0 upvotes
mckracken88
By mckracken88 (8 months ago)

makes me glad i live next to trees and grass.

i could never live in a city. these pictures are just sad.

6 upvotes
deleted-13120401
By deleted-13120401 (8 months ago)

Nobody chooses to live in a tiny box in a concrete jungle for their whole life purely for aesthetic reasons. Cities are economic necessities for most.

11 upvotes
barry reid
By barry reid (8 months ago)

This is a great series, not just in it's own right but also in context of his wider body of work around urbanisation. It's also well worth looking at his "Tokyo Compression" series.

4 upvotes
Kodachrome200
By Kodachrome200 (8 months ago)

for once dpr posts something and kinda like the approach. like to see these in ultra high res so you could look closely at them

1 upvote
Johannes Zander
By Johannes Zander (8 months ago)

Better idea than shooting brick walls for lens testing.

2 upvotes
Stealthy Ninja
By Stealthy Ninja (8 months ago)

I live in Hong Kong and honestly these pictures (though very nice) aren't too special. Most people could go out and take these photos pretty easily if they lived here. In fact on his page number 8 looks very similar to a place nearby where I live.

They look pretty nice though, don't get me wrong.

7 upvotes
day2012
By day2012 (8 months ago)

It's a pretty special project in my opinion. Of course lots of people could have taken the photos, but nobody else thought that it might be interesting to take a whole series and create a project out of them.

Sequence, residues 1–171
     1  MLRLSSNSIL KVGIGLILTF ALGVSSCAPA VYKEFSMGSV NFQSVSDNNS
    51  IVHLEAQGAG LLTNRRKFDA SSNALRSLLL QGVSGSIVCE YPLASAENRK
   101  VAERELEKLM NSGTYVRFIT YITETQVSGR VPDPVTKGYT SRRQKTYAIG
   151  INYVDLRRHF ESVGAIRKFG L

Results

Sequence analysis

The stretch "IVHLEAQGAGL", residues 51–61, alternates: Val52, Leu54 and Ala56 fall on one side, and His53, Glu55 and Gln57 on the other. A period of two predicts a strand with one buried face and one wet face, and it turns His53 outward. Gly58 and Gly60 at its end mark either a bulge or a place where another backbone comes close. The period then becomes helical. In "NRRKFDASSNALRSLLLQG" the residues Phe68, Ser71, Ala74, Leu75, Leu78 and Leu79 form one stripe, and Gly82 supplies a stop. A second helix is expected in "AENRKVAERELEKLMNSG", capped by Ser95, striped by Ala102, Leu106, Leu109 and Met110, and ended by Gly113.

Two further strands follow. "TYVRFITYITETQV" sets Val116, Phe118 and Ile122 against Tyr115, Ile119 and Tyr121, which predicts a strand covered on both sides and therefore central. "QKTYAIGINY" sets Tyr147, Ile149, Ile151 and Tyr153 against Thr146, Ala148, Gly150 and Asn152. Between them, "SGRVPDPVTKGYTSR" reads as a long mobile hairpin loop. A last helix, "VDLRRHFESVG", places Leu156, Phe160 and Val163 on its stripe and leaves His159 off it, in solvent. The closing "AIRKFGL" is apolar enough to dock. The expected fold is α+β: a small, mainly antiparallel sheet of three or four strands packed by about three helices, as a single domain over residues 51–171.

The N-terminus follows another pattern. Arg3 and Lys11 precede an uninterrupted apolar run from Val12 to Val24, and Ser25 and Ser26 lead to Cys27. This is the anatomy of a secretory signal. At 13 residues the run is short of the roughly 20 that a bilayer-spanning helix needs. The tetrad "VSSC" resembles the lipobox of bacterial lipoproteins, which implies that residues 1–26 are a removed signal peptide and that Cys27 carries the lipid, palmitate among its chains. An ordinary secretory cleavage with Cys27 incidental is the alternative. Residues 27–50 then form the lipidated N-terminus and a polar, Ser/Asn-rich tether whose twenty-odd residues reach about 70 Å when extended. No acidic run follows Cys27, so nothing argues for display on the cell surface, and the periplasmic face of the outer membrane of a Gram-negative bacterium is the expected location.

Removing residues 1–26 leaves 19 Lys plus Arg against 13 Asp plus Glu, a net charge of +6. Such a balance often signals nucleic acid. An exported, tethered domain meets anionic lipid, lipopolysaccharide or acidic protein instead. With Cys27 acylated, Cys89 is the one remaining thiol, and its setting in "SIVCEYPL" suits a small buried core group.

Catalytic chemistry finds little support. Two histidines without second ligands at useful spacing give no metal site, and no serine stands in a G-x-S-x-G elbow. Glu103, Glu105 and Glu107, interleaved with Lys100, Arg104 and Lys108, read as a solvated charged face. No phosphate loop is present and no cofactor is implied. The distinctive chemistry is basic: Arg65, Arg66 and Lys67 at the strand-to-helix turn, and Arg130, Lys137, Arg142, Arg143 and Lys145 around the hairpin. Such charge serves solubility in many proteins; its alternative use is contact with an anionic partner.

10 upvotes
Stealthy Ninja
By Stealthy Ninja (8 months ago)

Then again you don't live in Hong Kong.

2 upvotes
Raist3d
By Raist3d (8 months ago)

I don't think it changes what he said. How come this wasn't done before if it's that trivial?

1 upvote
Sordid
By Sordid (8 months ago)

I doubt it wasn't done before.
Maybe it wasn't covered by media before?

3 upvotes
gustabod
By gustabod (8 months ago)

agree, there's a restaurant in Ocean terminal which has a couple of similar ones as wall decoration. Inspired me to go out and do the same last time I visited there...had a hell of a time correcting the lens distortion!

1 upvote
Stealthy Ninja
By Stealthy Ninja (8 months ago)

I think I've been to the same restaurant gutabod. There's a large print that's very similar to these.

0 upvotes
peterstuckings
By peterstuckings (8 months ago)